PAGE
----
Cooking School Journal: Food Safety

fightbacjpgThe lecture began with “Food Safety”.

All fridges should be set to 41 degrees or less. That is the safe temp for all perishable foods. Your freezer should be at 0 degrees.

Chicken needs to be cooked to 165 degrees, the same temp is safe for any foods in steamers or kept warm. That can last for 4 hours. After 4 hours they are in the “danger zone”. Bacteria invades. Then they need to be 86’d (apparently the cooking term for the round file).

Botulism (improper canning), Strep (sick workers handling your food), salmonella (uncooked poultry, eggs, milk, custards and mayo) and of course, e. coli (we know where he lurks) are the bacteria most commonly among us.

Parasites…. well let’s just say that after last night’s lecture, I will never again order swordfish prepared in any style (Chef had a lovely once-at-the-fishmonger’s-I-saw story).

Part Two of the lecture we talked about the “Brigade” or the hierarchy in a kitchen.

At the Top:

  • Chef (his coat has covered buttons)  the manager of the kitchen.
  • Sous Chef (his coat has frogs in place of buttons)  in charge of food production.
  • Chefs de partie (plastic buttons) There are many of these, each with a different job  i.e., sauces, fish, pastry, the grill, etc.

Then finally there are the rest of us:

  • Cooks
  • Prep cooks (no fancy French here)

Then she ended by quickly and elegantly demonstrating basic knife skills: see-full-size-image1the julienne, the brunoise, the rondelle, chiffonade, batonet, bias and the dreaded mince. Each uniformly perfect. That’s essential.

I was in awe.

Then it was time to pair off and begin cooking.

The foursome on the right, the giggling gaggle of gourmands (a lot of alliteration from an anxious author writing agonizingly long anecdotes), immediately paired off and chose two “easy” recipes.

I was stuck with Mr. Forty-something.

He is nice. Lance (not gay) is about to retire from a 26-year career in the military (still not gay).

He and his wife want to open a restaurant much in the fashion of those he enjoyed while he was stationed for 12 years in Spain.

brown-derby-hollywood-lucyjpgWe were assigned the Cobb Salad. It’s a recipe which was created at the Brown Derby restaurant in L.A.  The Derby was a landmark restaurant made even more famous in the hilarious William Holden episode of I Love Lucy.

When I was in my twenties,the Los Feliz outpost of The Brown Derby became a nightclub. My friends would be more than happy to tell you about the one time I went there. I was accidentally so rude to actress Juliette Lewis that her entourage scurried her out the door. Oops.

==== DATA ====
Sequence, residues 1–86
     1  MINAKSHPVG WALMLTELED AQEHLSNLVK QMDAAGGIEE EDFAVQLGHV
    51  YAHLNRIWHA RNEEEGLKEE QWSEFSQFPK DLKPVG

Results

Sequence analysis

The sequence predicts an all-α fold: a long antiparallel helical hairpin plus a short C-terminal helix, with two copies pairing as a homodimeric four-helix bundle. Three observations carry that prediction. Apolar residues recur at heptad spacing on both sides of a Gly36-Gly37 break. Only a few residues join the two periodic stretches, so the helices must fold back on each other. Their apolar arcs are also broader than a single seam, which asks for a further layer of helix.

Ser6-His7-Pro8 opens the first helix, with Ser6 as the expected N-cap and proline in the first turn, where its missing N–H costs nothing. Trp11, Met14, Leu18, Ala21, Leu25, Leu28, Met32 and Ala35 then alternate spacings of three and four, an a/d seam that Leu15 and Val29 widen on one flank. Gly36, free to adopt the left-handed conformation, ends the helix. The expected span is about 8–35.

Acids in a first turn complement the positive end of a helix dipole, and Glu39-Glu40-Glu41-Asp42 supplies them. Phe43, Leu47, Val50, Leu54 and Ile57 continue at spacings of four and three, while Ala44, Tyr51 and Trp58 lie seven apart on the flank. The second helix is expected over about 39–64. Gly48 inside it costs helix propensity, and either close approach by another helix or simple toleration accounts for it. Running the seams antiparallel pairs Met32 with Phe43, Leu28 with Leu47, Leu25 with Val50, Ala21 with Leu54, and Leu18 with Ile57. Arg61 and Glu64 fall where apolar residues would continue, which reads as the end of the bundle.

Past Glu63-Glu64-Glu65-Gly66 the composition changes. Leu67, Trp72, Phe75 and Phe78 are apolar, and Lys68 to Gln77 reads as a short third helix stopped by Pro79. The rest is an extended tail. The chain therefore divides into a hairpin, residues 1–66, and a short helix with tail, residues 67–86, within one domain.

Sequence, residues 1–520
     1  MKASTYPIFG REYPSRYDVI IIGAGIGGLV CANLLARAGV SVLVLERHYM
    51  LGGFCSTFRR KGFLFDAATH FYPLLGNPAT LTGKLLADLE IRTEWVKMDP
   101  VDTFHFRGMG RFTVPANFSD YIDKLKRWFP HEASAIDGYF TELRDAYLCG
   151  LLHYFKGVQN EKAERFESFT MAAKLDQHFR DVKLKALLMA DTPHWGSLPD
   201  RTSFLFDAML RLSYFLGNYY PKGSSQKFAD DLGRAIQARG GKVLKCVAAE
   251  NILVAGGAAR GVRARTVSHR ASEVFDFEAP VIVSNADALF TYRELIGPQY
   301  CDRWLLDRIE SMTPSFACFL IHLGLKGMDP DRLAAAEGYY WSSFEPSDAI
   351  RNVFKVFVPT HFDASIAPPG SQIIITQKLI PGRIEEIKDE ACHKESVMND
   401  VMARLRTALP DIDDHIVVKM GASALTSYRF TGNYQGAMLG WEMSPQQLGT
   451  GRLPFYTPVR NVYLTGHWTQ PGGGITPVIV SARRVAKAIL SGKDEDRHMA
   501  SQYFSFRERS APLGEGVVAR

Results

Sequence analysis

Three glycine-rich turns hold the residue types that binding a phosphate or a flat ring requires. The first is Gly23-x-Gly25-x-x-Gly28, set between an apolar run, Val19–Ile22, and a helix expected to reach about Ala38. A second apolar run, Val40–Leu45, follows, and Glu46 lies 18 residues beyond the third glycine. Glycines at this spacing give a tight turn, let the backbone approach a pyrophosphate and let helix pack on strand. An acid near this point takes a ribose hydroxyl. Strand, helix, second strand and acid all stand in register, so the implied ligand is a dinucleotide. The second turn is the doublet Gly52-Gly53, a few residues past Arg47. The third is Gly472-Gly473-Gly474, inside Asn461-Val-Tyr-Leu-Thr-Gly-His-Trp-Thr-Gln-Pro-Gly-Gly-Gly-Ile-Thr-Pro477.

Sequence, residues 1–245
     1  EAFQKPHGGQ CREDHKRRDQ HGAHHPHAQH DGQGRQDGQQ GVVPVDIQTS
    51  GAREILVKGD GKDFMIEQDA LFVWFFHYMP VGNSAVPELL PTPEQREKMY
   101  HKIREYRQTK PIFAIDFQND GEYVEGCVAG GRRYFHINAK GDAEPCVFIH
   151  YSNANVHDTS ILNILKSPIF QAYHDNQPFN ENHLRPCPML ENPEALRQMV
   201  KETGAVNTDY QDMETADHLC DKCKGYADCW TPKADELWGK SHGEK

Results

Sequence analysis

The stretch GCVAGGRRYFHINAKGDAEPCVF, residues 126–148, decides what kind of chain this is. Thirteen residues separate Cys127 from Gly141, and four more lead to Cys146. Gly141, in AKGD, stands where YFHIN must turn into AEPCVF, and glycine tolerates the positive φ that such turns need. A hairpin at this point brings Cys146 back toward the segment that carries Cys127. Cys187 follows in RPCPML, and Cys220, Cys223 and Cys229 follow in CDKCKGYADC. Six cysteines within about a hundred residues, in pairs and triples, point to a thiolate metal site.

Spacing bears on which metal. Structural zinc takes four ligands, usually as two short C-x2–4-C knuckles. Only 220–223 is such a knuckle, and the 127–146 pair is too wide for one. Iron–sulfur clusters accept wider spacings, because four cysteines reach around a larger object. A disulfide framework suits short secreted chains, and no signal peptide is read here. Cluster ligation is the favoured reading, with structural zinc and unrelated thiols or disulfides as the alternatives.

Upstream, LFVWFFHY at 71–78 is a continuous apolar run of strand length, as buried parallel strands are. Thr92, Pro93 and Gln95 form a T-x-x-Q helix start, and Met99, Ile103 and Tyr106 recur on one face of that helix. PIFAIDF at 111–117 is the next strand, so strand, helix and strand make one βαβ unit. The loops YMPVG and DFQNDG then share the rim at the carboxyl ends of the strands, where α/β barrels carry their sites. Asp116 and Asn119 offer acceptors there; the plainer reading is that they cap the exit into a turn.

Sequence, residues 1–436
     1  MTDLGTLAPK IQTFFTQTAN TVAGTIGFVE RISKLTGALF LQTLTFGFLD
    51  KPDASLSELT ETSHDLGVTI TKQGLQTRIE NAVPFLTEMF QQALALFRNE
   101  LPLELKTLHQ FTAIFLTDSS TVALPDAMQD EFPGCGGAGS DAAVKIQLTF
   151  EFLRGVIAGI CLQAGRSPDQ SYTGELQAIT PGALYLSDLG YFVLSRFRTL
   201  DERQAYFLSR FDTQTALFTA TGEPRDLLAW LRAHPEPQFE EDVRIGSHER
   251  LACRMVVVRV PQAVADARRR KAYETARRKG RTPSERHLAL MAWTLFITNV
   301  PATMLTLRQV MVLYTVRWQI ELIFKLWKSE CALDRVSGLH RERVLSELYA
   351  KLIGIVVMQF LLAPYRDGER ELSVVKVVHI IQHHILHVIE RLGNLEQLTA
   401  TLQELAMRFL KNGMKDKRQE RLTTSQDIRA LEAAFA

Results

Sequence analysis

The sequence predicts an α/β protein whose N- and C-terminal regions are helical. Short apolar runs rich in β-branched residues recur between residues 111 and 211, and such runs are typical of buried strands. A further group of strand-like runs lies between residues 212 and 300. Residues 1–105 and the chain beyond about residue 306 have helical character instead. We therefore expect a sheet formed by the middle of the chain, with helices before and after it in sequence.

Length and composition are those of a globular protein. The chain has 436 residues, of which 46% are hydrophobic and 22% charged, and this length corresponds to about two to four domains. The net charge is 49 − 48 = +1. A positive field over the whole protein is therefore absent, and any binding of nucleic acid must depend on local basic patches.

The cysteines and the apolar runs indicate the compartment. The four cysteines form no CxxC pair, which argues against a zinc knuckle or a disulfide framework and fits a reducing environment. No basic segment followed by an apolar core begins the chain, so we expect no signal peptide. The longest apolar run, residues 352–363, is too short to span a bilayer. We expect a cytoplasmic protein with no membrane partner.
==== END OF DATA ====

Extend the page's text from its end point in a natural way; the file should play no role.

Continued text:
Anywho…

The Cobb. So easy to order, so easy to eat… but a bi#%h to make.

Gently poached chicken, browned diced bacon, diced eggs which must be perfectly hard-boiled, diced avocado, tomato concasse (kon-kah-SAY) — which means blanched, peeled and roughly chopped, and 4 types of lettuce washed, spun and chopped. All topped with crumbled roquefort,  minced chives and a basic vinaigrette a la moutard. It’s an Atkins-lover’s dream.

It was a lot of work, and this is where I really began to get uncomfortable. It’s one thing to cook  in your home kitchen and serve up a meal that,  although not perfect, is still delicious. It is another to prep and cook and plate a dish with a teacher watching your every other move, and on top of that, partnered with someone else whose cooking style may be completely different. We were working  against the clock and knowing it was going to be critiqued at the end. It made me tense.

We did pretty well, though.

The bacon was the toughest part. It’s hard to uniformly dice raw bacon. But, I tried really, really hard. That is until Chef noted on my last slice, that uniformity is not THAT important in dicing bacon since it fries up into its own shape anyway.

Side note… great tip I learned from Layla the TA (definitely gay): drain the fat as you cook bacon. It caramelizes more quickly and evenly instead of boiling in its own fat.

After what seemed an eternity, but was really 71 minutes, it was time to plate up.

  • 1 point off: I didn’t pre-chill the platter.
  • 1 point off: The recipe called for a bed of lettuce with the toppings placed upon it in narrow strips… I chose to line them up in this order: egg, bacon (a natural pair), tomato, chicken, avocado, roquefort. I was instructed that tomato then bacon was a bad call. Red and brown next to each other draw the eye. It’s better to put something white – the chicken or egg in between. Grr.

But, as Lance poured on the dressing and tossed the salad to taste, I exalted “Mmmmm. Salty Fat!”

Chef laughed and praised, “We are going to love Jules!”

So, I guess, maybe it was a success.

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